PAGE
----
How to build a metal roller

Written by danny donahue
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How to build a metal roller
Working with sheet metal requires knowledge and the proper tools. (aviation tin snips image by Christopher Dodge from Fotolia.com)

Working with sheet metal trim is a skill that takes practice. Cutting and bending metal to cover window and door frames when siding your home also takes the proper tools. One of the most important tools you will use is the metal roller. A roller holds the roll of metal so that you can pull out how much you need, measure it and cut it with out having to deal with a long, unrolled strip of trim. These tools can cost quite a bit, but, with a few materials you can make your own metal roller and get on with the job.

Skill level:
Easy

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Things you need

  • Plywood (30 inches by 10 inches by 1/2 inch)
  • Tape measure
  • Pencil
  • Speed square
  • Drill with 3/8 inch bimetal bit
  • 2 all thread rods (1/4 inch by 8 inches)
  • 4 washers (1/4 inch inside diameter)
  • 4 nuts (1/4 inch inside diameter)
  • 2 adjustable wrenches
  • Roll of sheet metal in the box
  • Flat iron bar (2 inches by 30 inches)
  • 2 wing nuts
  • Work gloves
  • Safety glasses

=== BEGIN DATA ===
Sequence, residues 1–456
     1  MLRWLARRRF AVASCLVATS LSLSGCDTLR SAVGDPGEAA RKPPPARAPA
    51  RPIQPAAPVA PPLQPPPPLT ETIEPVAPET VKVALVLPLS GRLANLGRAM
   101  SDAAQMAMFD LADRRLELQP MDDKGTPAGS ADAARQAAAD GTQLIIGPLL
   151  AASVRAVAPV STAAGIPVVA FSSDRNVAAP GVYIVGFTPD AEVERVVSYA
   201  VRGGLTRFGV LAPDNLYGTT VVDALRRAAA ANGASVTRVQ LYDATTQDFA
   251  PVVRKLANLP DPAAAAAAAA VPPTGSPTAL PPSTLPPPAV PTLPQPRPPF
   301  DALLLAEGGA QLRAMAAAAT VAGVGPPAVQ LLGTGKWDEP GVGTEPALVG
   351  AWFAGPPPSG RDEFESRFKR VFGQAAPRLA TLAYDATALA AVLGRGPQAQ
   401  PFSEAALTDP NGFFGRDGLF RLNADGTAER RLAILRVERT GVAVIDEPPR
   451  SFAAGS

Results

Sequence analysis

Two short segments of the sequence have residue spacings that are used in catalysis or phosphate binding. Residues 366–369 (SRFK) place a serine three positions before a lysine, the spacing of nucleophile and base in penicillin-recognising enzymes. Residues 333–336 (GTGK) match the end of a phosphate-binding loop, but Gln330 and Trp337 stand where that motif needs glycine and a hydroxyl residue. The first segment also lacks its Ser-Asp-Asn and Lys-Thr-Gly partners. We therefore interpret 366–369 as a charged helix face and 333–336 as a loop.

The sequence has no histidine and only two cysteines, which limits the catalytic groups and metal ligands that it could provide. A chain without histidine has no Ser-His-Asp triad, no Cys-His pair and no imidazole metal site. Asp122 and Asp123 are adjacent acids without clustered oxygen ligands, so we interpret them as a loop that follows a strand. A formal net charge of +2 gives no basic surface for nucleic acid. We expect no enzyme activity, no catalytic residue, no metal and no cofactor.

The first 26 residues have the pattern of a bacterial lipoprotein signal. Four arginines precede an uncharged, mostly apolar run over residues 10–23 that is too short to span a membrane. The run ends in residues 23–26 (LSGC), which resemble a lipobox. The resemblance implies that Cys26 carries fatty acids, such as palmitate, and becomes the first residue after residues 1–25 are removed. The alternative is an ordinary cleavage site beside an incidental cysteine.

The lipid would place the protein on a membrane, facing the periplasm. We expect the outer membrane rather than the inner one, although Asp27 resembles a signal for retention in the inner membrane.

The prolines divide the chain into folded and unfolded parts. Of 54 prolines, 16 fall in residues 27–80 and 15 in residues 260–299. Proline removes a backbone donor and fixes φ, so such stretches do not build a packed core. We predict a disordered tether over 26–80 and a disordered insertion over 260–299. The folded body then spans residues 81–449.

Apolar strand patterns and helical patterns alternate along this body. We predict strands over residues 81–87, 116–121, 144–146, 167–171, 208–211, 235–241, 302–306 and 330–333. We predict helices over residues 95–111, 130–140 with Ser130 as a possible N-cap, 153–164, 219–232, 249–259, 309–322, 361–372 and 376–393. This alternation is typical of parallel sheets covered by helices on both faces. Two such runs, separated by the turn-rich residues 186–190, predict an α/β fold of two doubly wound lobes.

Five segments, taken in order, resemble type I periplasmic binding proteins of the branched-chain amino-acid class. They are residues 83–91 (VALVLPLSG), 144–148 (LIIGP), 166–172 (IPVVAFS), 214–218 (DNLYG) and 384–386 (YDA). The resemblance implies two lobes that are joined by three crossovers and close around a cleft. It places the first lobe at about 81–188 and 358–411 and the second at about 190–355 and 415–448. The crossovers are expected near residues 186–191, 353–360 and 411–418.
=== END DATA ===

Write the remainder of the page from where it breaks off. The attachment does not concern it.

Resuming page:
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Instructions

  1. 1

    Measure across one end of the plywood, from either side, with your tape measure. Make a mark on the wood with your pencil at 15 inches. Place your speed square onto the end of the plywood, line it up with your mark, and make a V mark with the bottom of the V pointing at the 1 inch mark on the square. Repeat at the opposite end. Drill through the plywood at the point of both V marks.

  2. 2

    Twist a nut onto one end of a rod so that the end of the rod is flush with the edge of the nut. Flip the rod over, slide on a washer, and slip the all thread through one of the holes in the plywood. Slide a washer onto the top of the rod and twist on a nut to secure the rod to the plywood. Grasp both nuts with a wrench and twist to lock the rod firmly to the plywood. Repeat with the other rod.

  3. 3

    Measure and mark the flat bar at a point in the centre of the bar 1 inch from each end. Drill through the metal bar at both marks.

  4. 4

    Rip open the cardboard box and pull the roll of metal free. Hold the roll firmly to prevent it from unrolling when the binding is released. Locate the ends of the binding, flip the plastic and pull the long end to release the binding from the roll.

  5. 5

    Lay the roll of metal between the rods on your roller. Slide the flat bar through the open middle of the roll of sheet metal. Slip the holes in the bar over the all thread rods and push it down to the bottom so that it holds the roll in place. Twist a wing nut onto each threaded rod. Do not over tighten the wing nuts as that will bind the sheet metal and prevent you from pulling it out for work.

  6. 6

    Pull the end of the sheet metal so that it comes out of your roller face down. Pull out only as much as you need for the job at hand, plus 12 inches. Roll the sheet metal back onto the roller and twist the wing nuts down tightly to secure the roller and left over metal for transport.

Tips and warnings

  • Work gloves are absolutely necessary when working with sheet metal.
  • Safety glasses are needed whenever you work with power tools.

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